Amateur Radio

History of Amateur Radio

Throughout the history of amateur radio, amateur radio enthusiasts have made significant contributions to science, engineering, industry, and social services. Research by amateur radio operators has founded new industries, built economies, empowered nations, and saved lives in times of emergency.

Amateur radio is a hobby and, by law, completely non-commercial. Individual amateur "ham" radio operators pursue the avocation for personal pleasure through building their own radio stations and communicating with their fellows globally, and for self-improvement via study and practice of electronics, computers, and radio and TV wave behavior. Radio amateurs are, thus, "amateurs" in the true sense of the word: pursuit of an activity only for the love of it. Radio amateurs can not broadcast or transmit music and other general public entertainment programming. The amateur radio use of the air waves is for personal satisfaction and for forwarding the "state of the art" of electronics and communication techniques. Amateur radio operations can be detected in designated bands throughout the radio spectrum, using a variety of modulation methods including Morse code, voice and digital modes, and image modes such as television and facsimile.

Amateur radio came into being after radio waves (proved to exist by Heinrich Rudolf Hertz in 1888) were adapted into a communication system in the 1890s by the Italian inventor Guglielmo Marconi. In the late 19th century there had been amateur wired telegraphers setting up their own interconnected telegraphic systems. Following Marconi's success many people began experimenting with this new form of "wireless telegraphy". Information on "Hertzian wave" based wireless telegraphy systems (the name "radio" would not come into common use until several years later) was sketchy, with magazines such as the November, 1901 issue of Amateur Work showing how to build a simple system based on Hertz' early experiments. Magazines show a continued progress by amateurs including a 1904 story on two Boston, Massachusetts 8th graders constructing a transmitter and receiver with a range of eight miles and a 1906 story about two Rhode Island teenagers building a wireless station in a chicken coop. In the US the first commercially produced wireless telegraphy transmitter / receiver systems became available to experimenters and amateurs in 1905.  In 1908, students at Columbia University formed the Wireless Telegraph Club of Columbia University, now the Columbia University Amateur Radio Club. This is the earliest recorded formation of an amateur radio club, collegiate or otherwise. In 1910, the Amateurs of Australia formed, now the Wireless Institute of Australia.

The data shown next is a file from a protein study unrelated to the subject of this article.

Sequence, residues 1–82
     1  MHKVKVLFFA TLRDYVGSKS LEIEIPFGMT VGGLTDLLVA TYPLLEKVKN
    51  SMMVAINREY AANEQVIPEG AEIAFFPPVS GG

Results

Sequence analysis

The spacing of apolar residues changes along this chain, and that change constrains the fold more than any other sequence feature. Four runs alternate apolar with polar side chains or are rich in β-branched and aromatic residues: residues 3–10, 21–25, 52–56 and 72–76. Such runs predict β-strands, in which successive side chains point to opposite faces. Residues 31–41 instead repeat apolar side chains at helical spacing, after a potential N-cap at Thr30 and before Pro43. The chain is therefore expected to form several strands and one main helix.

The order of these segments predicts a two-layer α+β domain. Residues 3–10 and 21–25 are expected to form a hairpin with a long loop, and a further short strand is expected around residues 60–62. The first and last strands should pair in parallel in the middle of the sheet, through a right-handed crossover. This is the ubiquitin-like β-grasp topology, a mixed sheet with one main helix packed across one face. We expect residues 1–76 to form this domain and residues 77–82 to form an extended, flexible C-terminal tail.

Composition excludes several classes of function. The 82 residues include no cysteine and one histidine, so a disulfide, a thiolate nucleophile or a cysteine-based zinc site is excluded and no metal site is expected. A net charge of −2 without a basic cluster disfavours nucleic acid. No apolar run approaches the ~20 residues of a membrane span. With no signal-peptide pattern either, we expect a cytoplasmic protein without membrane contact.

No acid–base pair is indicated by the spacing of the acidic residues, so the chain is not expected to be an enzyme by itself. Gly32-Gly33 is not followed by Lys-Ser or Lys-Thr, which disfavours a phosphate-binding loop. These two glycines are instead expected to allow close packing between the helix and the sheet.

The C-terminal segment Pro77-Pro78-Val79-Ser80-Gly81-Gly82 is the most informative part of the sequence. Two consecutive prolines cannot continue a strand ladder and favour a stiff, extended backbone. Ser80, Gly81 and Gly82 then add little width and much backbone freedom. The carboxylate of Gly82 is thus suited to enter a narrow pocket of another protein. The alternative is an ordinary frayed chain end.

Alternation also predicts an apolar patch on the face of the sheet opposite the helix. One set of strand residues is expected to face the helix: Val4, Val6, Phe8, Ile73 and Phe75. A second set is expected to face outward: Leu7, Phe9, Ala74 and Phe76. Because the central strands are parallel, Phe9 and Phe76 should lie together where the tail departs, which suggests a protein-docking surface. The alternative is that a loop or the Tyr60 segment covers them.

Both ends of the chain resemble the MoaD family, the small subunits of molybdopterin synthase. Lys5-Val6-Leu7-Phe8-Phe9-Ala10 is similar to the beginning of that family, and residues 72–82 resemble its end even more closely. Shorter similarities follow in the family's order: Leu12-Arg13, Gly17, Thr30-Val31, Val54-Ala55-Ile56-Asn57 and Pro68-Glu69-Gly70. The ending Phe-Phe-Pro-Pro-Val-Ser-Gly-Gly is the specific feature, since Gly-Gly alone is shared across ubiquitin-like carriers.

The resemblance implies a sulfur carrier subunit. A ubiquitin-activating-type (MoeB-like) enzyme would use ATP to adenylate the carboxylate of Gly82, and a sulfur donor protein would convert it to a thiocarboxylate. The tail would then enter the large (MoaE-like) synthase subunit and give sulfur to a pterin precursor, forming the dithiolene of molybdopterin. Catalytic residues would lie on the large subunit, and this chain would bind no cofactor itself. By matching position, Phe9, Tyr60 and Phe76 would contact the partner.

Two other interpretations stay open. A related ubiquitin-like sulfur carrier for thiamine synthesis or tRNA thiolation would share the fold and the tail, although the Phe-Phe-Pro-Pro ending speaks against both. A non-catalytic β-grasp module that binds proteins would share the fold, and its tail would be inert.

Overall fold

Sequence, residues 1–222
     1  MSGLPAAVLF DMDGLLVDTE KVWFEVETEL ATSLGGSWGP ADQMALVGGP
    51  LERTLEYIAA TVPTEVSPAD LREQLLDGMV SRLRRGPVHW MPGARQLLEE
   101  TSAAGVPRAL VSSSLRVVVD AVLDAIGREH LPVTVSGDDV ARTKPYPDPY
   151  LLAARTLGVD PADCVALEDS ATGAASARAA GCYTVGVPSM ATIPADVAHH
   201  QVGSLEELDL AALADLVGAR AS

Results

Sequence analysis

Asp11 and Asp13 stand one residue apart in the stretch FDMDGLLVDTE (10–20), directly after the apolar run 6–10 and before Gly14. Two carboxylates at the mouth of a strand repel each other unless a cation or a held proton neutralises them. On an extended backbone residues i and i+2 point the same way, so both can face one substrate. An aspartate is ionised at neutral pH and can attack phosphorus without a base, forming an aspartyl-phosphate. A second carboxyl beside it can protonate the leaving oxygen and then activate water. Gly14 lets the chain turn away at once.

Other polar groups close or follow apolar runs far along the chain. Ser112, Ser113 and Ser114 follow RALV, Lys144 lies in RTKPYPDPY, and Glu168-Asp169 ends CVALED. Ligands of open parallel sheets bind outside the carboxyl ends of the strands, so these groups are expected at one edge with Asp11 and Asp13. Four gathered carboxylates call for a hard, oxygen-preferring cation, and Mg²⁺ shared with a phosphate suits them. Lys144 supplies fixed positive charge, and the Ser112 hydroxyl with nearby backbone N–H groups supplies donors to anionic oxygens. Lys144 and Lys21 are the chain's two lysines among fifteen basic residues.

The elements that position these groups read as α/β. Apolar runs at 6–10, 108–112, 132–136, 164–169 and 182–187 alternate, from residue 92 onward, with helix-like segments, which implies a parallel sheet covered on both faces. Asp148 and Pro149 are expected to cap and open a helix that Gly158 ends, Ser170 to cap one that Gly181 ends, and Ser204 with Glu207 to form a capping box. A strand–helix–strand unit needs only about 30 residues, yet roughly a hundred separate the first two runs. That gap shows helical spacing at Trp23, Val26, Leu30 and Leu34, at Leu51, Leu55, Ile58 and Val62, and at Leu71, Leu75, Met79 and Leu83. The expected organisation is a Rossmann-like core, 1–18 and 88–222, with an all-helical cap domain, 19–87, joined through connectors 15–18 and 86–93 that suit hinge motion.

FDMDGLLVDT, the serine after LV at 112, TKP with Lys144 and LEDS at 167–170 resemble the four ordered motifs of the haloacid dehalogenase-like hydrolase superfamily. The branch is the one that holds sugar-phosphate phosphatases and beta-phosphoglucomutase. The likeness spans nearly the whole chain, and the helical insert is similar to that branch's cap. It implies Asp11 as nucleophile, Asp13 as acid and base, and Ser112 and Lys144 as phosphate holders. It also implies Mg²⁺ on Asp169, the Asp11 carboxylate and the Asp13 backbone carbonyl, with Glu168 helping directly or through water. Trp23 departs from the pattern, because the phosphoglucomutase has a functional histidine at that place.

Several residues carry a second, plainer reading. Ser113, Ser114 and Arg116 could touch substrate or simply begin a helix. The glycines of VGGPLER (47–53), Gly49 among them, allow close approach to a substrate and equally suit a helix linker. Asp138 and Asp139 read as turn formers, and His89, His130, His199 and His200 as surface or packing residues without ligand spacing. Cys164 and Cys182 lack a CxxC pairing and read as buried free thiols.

American Radio Relay League (ARRL)

Founded in 1914 by Hiram Percy Maxim, ARRL (American Radio Relay League) is the national association for Amateur Radio in the US. Today, with more than 161,000 members, ARRL is the largest organization of radio amateurs in the world. ARRL's mission is based on five pillars: Public Service, Advocacy, Education, Technology, and Membership.

Amateur Radio Emergency Service (ARES)

The Amateur Radio Emergency Service® (ARES) consists of licensed amateurs who have voluntarily registered their qualifications and equipment, with their local ARES leadership, for communications duty in the public service when disaster strikes. 

Membership Requirements   

Every licensed amateur, regardless of membership in ARRL or any other local or national organization is eligible to apply for membership in ARES. Training may be required or desired to participate fully in ARES. Please inquire at the local level for specific information. Because ARES is an Amateur Radio program, only licensed radio amateurs are eligible for membership. The possession of emergency-powered equipment is desirable, but is not a requirement for membership. 

Radio Amateur Civil Emergency Service (RACES)

The Radio Amateur Civil Emergency Service (RACES), administered by local, county and state emergency management agencies and supported by the Federal Emergency Management Agency (FEMA), is a part of the Amateur Radio Service which provides radio communications for civil-defense purposes, during periods of local, regional or national civil emergencies.

RACES was organized during the Cold War, to meet a potential need during an enemy attack. Having never been called upon for that purpose, RACES has since evolved to encompass all types of civil emergencies, including natural disasters such as earthquakes, wildfires, floods, hurricanes, tornadoes, and severe winter storms.